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Egypt Diary: First Night in Luxor (June 2014)

The Nile Valley was celebrating on the eve of the inauguration of their new president Sisi. I saw Cairo celebrations June 3 and then on June 7 I saw the celebrations in Luxor. We were staying on the west bank of Luxor at Gezira Gardens Hotel, heard the mizmar and walked over. It was a great first evening in Luxor. Video by Sahra ¹

Egypt Diary: First Night in Luxor (June 2014)

Even though I had specifically traveled to Luxor for the events surrounding the Abu al-Haggag Moulid, it was my good fortune that there were other celebrations going on as well. To make sure we would be able to observe the full Abu al-Haggag moulid we arrived a couple days early and would stay one and half days after. As politeness dictated I traveled with another person and I was very happy that my dance colleague and friend, Simone Gerstgrasser from Italy, could meet me in Luxor.

Our first day in Luxor was spent doing a couple interviews (which I will present as part of the Journey Through Egypt Dance Archive) ² and asking various people what, when and where moulid events would happen. Very few people agree on the timing of events and there is not one central source of information. This confusion was even more complicated because at least three different moulids were happening in the same week, and not everyone was aware of all of them but often speak of them interchangeably.

One event we could get information on was the two evening celebration (tonight and last night) leading up to the inauguration of the new president Sisi tomorrow morning. One big subject of conversation was a concert of a popular “Qaf” singer, Rabi el Baraka, the night before. ³ The consensus of most of those we talked to was that of disappointment, not disappointment of the quality of the show, but that he only sang for one hour. They took this short concert as an affront.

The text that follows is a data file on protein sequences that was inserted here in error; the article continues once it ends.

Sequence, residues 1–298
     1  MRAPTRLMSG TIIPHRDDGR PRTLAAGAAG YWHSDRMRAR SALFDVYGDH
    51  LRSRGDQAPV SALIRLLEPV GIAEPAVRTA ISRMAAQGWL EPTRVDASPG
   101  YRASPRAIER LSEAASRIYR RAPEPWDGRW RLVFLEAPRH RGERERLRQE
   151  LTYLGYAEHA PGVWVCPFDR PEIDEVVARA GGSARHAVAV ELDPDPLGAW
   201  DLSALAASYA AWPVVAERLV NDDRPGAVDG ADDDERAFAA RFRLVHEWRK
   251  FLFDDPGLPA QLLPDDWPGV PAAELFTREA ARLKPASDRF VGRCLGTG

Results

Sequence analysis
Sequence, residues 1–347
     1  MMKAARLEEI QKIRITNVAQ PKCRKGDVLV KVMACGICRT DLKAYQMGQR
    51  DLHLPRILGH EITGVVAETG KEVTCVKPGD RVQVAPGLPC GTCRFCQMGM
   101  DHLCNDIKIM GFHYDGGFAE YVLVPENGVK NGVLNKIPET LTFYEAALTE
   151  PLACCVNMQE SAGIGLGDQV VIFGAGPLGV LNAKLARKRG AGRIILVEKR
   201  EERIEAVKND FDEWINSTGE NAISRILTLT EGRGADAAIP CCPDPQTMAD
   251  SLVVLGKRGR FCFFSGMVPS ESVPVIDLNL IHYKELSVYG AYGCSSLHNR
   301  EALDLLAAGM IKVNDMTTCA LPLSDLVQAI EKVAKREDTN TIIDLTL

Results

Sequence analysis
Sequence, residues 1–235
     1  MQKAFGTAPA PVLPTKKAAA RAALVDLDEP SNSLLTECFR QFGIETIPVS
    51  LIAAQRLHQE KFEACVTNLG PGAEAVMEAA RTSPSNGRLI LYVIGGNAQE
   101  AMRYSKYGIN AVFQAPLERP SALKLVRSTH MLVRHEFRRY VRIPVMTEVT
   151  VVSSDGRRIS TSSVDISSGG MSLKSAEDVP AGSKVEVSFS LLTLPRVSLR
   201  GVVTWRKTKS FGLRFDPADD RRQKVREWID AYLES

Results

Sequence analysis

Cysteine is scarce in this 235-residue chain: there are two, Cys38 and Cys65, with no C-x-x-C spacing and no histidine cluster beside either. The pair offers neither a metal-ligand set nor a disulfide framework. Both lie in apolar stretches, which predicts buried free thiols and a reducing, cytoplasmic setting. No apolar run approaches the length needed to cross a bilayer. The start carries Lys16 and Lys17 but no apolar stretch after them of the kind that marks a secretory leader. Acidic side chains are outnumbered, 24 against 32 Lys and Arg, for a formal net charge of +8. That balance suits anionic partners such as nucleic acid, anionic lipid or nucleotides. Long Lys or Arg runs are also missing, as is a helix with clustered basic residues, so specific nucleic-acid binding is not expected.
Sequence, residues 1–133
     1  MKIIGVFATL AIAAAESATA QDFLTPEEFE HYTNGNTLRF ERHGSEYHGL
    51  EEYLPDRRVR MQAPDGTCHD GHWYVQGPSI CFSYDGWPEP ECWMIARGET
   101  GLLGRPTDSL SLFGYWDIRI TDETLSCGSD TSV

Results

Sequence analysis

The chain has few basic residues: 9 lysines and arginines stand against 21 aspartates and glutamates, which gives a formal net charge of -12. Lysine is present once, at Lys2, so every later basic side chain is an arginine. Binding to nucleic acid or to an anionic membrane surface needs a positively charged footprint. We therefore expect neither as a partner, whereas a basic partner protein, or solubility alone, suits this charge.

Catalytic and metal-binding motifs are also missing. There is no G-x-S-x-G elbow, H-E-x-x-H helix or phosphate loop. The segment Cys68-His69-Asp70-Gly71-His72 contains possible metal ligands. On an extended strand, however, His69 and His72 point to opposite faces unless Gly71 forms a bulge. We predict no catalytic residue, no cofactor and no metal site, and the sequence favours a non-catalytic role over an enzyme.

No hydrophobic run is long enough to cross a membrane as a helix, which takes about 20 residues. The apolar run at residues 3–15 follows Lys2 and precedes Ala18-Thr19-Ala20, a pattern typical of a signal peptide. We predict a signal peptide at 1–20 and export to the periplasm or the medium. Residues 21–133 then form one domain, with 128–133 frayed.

They are normally informed of the start of a concert or celebration by hearing the music, often at that point the person will start getting ready to go, make preparations for walking over, which often may include going to other homes to meet family and friends in order to walk over together. For the concert to be finished in one hour, many people arrived as the singer was finishing.

This night’s celebration included a Sa’idi mizmar band, dancing horses, a demonstration of tahtib, and then to our delight the children were encouraged to dance. Normally I am careful about filming females dancing, but many people had video cameras out in plain sight and the fathers encouraged the girls to dance.

Notes below are for video at the top of the page:

:00 The evening featured a mizmar band: with “tabl baladi” drum and three Mizmar musicians – here they sit on a “dikka” bench on a transportable stage made from a flat-bed truck.
:29 A better view of the stage, Egyptian flags and the posters advertising the occasion of the inauguration.
:43 The music changes for the horse dance. Notice the subtle direction by the rider, this is an experienced horse he doesn’t need much direction. I have seen horses respond to this music without a rider. 4 Also notice the man in the grey galabeya walking at a distance keeping a quiet control.
1:22 Tahtib demonstration; normally this is more of a contest and a Tahtib event would have other contestants waiting for their turn.
1:37 A clearer video of Tahtib, and of the children recording it on their phone video.
2:04 Girl’s dance,
2:50 a clearer video of the girls dancing. Their style is a fusion of female homestyle and of female professional performance style they may have seen in person or on TV or video.
3:13Baladi, Baladi” (“My Homeland, My Homeland”) the Egyptian national anthem (played for this occasion).


¹ My apologies for the uneven quality of filming, the only light was the strings of light bulbs and a couple strong direct spotlights.

² Journey Through Egypt Dance Archive is a monthly service that will be starting later this year. Through this service you will have access to clips directly from my research footage from over 20 years of study. You can read more about the program and sign up for the waiting list here :

³ The subject of Sa’idi “Qaf” singing, music and dance will be discussed in a future blog.

4 Video of horse dancing, an evening which also shows off the new ingenue colts and horses will be shown and discussed in a future blog.

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